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anonymous

  • 5 years ago

if homogeneous find the degree of homogeneity 1) (x^2+y^2)^1/2 2) (x+y)^5 + x^5-y^5 help plzz....:)

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  1. amistre64
    • 5 years ago
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    add a "t" variable to each x and y...

  2. amistre64
    • 5 years ago
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    [(tx)^2 + (ty)^2] ^ (1/2) [t^2x^2 + t^2y^2]^(1/2) [t^2(x^2 + y^2)]^(1/2) t^2^(1/2) = t right?

  3. amistre64
    • 5 years ago
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    is homo..and degree 1

  4. amistre64
    • 5 years ago
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    (tx+ty)^5 + (tx)^5-(ty)^5 (tx+ty)^5 + t^5(x^5-y^5) I dont think that left hand part is going to be homo.... youd have to factor it out and see if a single "t" variable can be pulled from it... and I dont think it can

  5. amistre64
    • 5 years ago
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    t^5x^5 +5t^4x^4ty +10txty +10txty +5txty +t^5y^5 yeah, its good.... if I did it right... its homo and t^5 degree

  6. anonymous
    • 5 years ago
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    thanks i got the first one wasn't sure about the second!^_^

  7. amistre64
    • 5 years ago
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    I used pascals triangle to determine the cooefficients for the ^5 part. and then realized that the xy variables all have exponents that equal ^5.... t^4 t^1 = t^5...and so on....

  8. anonymous
    • 5 years ago
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    do you know how to show that eulers theorem holds for these equations?

  9. amistre64
    • 5 years ago
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    ...breif me on eulers thrm ...whats it state again?

  10. anonymous
    • 5 years ago
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    23.9 Euler Theorem Consider a function f(x1, x2, x3,….,xn) that is homogeneous of degree r. Let us rewrite f(kx1, kx2, kx3,….,kxn) as f(w1, w2, w3,….,wn) where wi = kxi for i = 1, 2,..,n. By Definition 23.5.1 of the Total Differential we can write df = f1 dw1 + f2 dw2 + ….+ fi dwi +…... ……+ fn dwn. where each fi is the first order partial derivative with respect to wi. If we now divide by dk we get the following result: df = f1 dw1 + f2 dw2 + ….+ fi dwi +…... ……+ fn dwn. dk dk dk dk dk Since dwi = xi for each i = 1, 2, ….n we can refine the above result to dk df = f1 x1 + f2 x2 + ….+ fi xi +…... ……+ fn xn. * dk Recall that f(kx1, kx2, kx3,….,kxn) = kr f(x1, x2, x3,….,xn). Thus df = r k r-1 f(x1, x2, x3,….,xn). ** dk Also since each fi = f/wi it follows from the Chain Rule that f/xi = f/wi wi/xi = k f/wi *** Substituting ** into * we get r kr-1 f(x1, x2, x3,….,xn) = f1 x1 + f2 x2 + ….+ fi xi +…... ……+ fn xn Multiplying both sides by k we get r kr f(x1, x2, x3,….,xn) = kf1 x1 + kf2 x2 + ….+ kfi xi +…... ……+ kfn xn Substituting *** into the above equation we get r kr f(x1, x2, x3,….,xn) = f/x1 x1 + f/x2 x2 + ….+ f/xi xi +…... ……+ f/xn xn Hence the result in the next theorem. 23.9.1 Euler’s Theorem Assume that f(x1, x2, x3,….,xn) is a homogeneous function of degree r. Then r f(x1, x2, x3,….,xn) = f1(x) x1 + f2(x) x2 + ……….+ fi(x) xi +…..……+ fn(x) xn where x = (x1, x2, x3,….,xn). The right hand side is the sum of the products of the partial derivative fi(x) and the variable xi . The left hand side is simply r times the function f(x). In the case of n = 2 variables, Euler’s Theorem for a homogeneous function f(x1, x2) of degree r is given by r f(x1, x2) = f1(x) x1 + f2(x) x2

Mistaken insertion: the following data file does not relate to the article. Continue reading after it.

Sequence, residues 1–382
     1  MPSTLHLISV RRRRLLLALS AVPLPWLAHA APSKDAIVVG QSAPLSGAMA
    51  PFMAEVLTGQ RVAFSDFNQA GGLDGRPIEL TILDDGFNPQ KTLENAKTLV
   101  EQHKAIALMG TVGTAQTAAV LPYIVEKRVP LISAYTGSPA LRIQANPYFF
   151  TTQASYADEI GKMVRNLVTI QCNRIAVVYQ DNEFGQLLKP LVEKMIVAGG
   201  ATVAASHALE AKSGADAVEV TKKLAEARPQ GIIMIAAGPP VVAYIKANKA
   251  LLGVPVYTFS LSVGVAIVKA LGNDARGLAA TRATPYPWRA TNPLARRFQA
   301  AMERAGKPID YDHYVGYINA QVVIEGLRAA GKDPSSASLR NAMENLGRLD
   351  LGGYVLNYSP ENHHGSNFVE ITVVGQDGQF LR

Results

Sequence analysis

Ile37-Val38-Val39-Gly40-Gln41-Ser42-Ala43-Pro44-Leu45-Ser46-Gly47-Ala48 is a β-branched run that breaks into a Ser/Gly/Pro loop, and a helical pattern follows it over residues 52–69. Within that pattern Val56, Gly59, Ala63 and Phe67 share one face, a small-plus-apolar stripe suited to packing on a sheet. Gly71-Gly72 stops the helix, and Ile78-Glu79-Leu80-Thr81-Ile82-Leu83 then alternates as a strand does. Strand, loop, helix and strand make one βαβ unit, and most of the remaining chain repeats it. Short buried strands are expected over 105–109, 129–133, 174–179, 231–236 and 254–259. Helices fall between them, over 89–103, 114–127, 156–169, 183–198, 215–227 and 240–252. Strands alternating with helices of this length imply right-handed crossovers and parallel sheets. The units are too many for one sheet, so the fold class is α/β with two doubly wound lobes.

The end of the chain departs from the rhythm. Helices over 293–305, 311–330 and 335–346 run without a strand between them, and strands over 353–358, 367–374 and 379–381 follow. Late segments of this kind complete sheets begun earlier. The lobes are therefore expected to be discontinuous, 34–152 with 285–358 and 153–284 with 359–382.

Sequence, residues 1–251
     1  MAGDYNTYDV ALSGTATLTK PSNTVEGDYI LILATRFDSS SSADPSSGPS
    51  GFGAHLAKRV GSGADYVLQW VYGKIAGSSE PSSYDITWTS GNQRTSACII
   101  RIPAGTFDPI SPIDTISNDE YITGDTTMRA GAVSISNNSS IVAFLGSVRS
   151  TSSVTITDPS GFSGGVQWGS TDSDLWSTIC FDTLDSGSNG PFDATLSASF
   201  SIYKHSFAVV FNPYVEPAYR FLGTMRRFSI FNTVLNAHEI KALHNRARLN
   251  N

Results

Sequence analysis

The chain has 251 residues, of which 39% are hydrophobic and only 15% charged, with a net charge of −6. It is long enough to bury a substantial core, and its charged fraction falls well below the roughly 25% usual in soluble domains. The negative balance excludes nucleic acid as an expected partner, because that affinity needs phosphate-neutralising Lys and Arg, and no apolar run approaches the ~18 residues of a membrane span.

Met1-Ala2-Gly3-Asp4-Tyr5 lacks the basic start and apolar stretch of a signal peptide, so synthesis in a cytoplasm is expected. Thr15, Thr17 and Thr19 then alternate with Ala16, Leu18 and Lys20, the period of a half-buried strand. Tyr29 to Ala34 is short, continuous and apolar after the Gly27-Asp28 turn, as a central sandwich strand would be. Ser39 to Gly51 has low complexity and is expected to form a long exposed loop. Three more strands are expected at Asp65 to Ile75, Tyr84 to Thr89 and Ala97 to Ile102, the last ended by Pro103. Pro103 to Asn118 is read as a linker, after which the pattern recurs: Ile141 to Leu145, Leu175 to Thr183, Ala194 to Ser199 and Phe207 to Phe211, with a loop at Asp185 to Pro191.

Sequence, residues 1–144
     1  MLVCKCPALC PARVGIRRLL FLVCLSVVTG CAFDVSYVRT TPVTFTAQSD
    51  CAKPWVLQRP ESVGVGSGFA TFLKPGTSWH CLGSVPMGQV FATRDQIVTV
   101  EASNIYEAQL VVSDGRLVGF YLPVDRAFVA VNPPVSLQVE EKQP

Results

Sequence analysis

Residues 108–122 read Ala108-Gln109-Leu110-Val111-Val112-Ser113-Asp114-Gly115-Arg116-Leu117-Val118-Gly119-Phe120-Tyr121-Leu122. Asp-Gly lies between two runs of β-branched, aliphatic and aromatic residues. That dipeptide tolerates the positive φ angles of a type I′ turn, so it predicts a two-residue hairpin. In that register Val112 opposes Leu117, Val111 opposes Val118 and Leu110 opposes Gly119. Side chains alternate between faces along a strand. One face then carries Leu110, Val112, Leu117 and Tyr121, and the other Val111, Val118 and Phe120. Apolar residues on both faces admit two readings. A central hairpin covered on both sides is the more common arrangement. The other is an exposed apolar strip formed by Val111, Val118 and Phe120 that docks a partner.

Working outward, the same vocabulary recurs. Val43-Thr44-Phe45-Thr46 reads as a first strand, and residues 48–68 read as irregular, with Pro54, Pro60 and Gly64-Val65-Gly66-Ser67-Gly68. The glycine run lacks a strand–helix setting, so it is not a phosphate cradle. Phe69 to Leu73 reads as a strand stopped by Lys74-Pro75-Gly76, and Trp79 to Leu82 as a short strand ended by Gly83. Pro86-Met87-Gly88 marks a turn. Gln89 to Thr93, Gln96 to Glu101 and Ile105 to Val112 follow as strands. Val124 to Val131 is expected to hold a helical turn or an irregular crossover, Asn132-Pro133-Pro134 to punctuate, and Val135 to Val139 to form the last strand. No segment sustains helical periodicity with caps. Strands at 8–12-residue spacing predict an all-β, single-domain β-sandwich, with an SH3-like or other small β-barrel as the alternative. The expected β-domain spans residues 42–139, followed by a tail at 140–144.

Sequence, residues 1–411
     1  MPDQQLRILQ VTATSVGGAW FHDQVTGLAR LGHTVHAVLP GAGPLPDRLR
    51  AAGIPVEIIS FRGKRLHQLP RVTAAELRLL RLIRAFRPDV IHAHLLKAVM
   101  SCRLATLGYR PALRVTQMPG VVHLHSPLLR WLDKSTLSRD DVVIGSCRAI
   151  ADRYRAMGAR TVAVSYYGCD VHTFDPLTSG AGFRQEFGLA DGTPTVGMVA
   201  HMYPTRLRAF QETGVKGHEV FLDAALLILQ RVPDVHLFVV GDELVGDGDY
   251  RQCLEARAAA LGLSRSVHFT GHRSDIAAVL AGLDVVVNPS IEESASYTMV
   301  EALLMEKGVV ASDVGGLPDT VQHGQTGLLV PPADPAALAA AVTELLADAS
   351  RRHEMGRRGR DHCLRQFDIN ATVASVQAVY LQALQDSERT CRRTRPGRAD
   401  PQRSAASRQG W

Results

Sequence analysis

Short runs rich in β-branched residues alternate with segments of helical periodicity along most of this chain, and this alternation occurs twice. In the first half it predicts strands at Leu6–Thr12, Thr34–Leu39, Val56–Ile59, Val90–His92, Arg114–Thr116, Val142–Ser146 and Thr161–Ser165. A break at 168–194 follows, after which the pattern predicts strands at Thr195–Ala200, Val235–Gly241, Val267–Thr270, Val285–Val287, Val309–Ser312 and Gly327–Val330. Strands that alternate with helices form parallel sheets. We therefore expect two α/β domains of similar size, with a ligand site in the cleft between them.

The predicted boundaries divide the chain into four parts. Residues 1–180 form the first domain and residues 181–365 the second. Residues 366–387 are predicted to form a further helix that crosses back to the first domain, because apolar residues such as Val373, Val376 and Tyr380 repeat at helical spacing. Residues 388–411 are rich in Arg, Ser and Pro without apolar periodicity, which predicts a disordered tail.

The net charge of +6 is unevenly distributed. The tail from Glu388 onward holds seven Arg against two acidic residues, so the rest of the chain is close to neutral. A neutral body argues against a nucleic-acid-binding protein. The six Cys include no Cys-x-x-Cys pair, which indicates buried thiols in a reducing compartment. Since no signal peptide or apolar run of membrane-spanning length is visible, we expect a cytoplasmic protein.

11. anonymous
    • 5 years ago
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    this is from my notes but im having a hard time understanding and applying it....

  12. amistre64
    • 5 years ago
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    they use "k" instead of "t"; r is the value of the "degree". that "i" just means that with each iteration of the function we get a certain value....

  13. amistre64
    • 5 years ago
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    fi(x) seems to mean [f(x)]^i right?

  14. amistre64
    • 5 years ago
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    r f(x, y) = f^1(x) x + f^2(x) y is all I can make out of that, and dont even know if I m right :)

  15. anonymous
    • 5 years ago
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    yeah i get that just not sure how to apply it...i think it jus means i= variable in question....ok thanks for your help....:)

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